From Montgomery County to Selma: Retired MCPS Teacher Shares His Story (VIDEO)
In 1965, thousands of people marched to stand up for civil rights; including a 23-year-old Montgomery County Public School teacher. His name: Harry Klugel.
Klugel, 73, was a Wheaton High School teacher, and a member of the All Souls Church in Washington D.C. After hearing Dr. Martin Luther King Jr.’s call to march for civil rights, he decided to join the movement in Selma, Ala.
Klugel, along with seven other people also members of the All Souls Church, took freedom trains that were going South. He said during the trip the group sometimes had to “get on the floor of the train because other trains that had gone on the way to Montgomery had been shot at.”
However, before joining the march, he needed to ask for leave from work. School officials agreed to let Klugel take the time off, but it had to be unpaid. He had also used leave to participate in the March on Washington in 1963.
“I said ‘I’m willing to do that,’” Klugel said. The cost for the trip was $50.
Much to his surprise, the principal at Wheaton High School contacted the school superintendent who then sent a letter to Klugel stating that he was officially representing MCPS.
“That made me very proud of Montgomery County,” he said. The county allowed Klugel to take paid leave.
According to this county document, the schools in Maryland were desegregated in 1955.
Klugel initially taught Social Studies and later moved to Special Education. He is a member of the National Education Association and shared his personal account in a video for the organization’s YouTube channel.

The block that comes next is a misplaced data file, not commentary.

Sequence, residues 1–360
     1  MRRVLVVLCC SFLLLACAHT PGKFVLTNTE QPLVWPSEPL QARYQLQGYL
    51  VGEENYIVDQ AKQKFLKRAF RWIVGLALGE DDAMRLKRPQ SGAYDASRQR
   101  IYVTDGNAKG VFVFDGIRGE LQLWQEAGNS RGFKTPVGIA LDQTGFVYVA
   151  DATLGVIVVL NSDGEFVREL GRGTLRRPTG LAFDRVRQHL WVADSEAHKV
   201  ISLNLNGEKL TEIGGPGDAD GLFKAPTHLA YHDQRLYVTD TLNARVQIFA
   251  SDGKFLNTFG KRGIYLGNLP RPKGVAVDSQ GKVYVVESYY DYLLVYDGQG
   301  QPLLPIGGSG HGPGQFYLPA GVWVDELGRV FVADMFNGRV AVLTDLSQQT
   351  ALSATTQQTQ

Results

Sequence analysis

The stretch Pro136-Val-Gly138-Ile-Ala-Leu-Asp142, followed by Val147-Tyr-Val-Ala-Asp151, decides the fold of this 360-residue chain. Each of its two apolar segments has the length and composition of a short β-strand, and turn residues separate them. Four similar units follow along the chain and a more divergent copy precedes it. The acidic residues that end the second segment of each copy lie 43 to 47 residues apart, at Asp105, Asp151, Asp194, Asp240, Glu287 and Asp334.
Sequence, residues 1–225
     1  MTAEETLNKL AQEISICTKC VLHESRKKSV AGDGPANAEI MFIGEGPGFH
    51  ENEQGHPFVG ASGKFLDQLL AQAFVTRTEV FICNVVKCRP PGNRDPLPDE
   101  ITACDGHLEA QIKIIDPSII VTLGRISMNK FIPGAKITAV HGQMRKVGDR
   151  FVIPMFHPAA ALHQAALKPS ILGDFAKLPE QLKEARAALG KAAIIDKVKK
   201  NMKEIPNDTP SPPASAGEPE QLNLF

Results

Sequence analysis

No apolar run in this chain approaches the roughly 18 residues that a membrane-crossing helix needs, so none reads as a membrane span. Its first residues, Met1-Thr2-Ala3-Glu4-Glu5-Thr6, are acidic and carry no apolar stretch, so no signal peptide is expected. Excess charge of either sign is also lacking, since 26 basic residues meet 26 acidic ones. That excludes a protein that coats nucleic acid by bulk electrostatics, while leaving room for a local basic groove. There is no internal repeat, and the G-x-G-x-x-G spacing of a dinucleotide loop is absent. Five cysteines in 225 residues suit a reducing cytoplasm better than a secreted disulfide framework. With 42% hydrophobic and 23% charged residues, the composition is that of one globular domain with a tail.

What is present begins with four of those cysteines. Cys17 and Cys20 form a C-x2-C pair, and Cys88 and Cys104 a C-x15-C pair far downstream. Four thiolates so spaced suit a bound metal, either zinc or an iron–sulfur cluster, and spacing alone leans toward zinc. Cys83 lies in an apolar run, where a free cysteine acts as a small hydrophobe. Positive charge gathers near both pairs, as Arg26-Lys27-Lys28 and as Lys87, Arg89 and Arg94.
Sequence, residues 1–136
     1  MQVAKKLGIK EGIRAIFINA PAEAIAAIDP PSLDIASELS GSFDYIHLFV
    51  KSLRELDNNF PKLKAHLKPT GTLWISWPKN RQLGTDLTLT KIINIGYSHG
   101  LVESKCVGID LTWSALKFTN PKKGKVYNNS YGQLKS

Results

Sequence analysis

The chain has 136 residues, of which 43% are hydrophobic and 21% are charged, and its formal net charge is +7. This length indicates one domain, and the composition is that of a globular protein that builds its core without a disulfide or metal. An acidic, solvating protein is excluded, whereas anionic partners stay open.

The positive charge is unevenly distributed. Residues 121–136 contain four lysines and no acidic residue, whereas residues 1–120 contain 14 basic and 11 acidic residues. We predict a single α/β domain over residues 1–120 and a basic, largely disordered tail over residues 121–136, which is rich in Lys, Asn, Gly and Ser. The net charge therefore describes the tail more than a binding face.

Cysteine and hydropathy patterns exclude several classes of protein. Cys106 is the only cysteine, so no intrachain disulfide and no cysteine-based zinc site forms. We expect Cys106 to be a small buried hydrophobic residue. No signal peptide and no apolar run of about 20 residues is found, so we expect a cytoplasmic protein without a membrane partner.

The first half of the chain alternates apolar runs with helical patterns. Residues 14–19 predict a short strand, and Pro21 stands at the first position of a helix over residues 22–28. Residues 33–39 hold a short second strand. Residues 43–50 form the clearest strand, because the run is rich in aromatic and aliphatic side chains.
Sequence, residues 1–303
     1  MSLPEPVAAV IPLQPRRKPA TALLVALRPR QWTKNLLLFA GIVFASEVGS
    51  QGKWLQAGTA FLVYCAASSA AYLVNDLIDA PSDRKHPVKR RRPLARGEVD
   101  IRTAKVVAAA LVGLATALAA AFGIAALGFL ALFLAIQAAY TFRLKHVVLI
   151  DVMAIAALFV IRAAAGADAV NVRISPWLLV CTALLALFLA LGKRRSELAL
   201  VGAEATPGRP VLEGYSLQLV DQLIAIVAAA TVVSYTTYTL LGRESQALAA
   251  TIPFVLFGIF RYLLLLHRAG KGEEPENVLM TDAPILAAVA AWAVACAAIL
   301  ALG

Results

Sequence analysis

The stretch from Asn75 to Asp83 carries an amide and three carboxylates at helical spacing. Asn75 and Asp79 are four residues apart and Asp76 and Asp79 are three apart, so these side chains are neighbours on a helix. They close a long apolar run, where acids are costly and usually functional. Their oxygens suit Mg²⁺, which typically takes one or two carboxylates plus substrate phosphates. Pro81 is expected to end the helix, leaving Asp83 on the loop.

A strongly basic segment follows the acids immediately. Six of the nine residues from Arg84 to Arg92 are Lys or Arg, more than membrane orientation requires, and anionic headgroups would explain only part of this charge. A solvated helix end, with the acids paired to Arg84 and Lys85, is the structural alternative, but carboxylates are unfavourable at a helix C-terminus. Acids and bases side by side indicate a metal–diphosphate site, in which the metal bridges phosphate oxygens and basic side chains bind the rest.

He was also friends with Rev. James Reeb, a Unitarian Universalist minister at All Souls Church, who went to Selma in 1965 to join the march for civil rights. Reeb was attacked by a group of white men after the second march known “Turnaround Tuesday,” fell into a coma, and died two days later.
“It had a real impact on me,” Klugel said on the video.
While in Alabama, he had the chance to walk to the front of the march and introduced himself to Dr. King.
“It was very brief. … He thanked me for being there and of course I thanked him for being there … He was obviously the leader. He was the one that stood out,” he said.
Klugel said he along with the other members of the church heard many of the black students did not have American flags in their classroom.
“I thought that was strange. So my group took 58 flags with us. … We also exchanged names and addresses with the students… I brought all those names back, and I had kids in my class write to them,” he said.
Klugel and the rest of the group got back from Alabama right after the march. He told his students his personal account, and the stories he heard while on the trip.
“I tried to tell them as much as personal stories as I could… Wheaton was pretty much a white students’ school. … Very few Hispanics, Asians, or blacks,” he added.
Although he is a retired MCPS teacher, Klugel still works in the education field.
“I got bored after my retirement,” he said. So Klugel continues to help children with emotional and behavioral disabilities at The Foundation Schools of Montgomery County.
“I worked in school all my life, and I still get excited every day,” he said.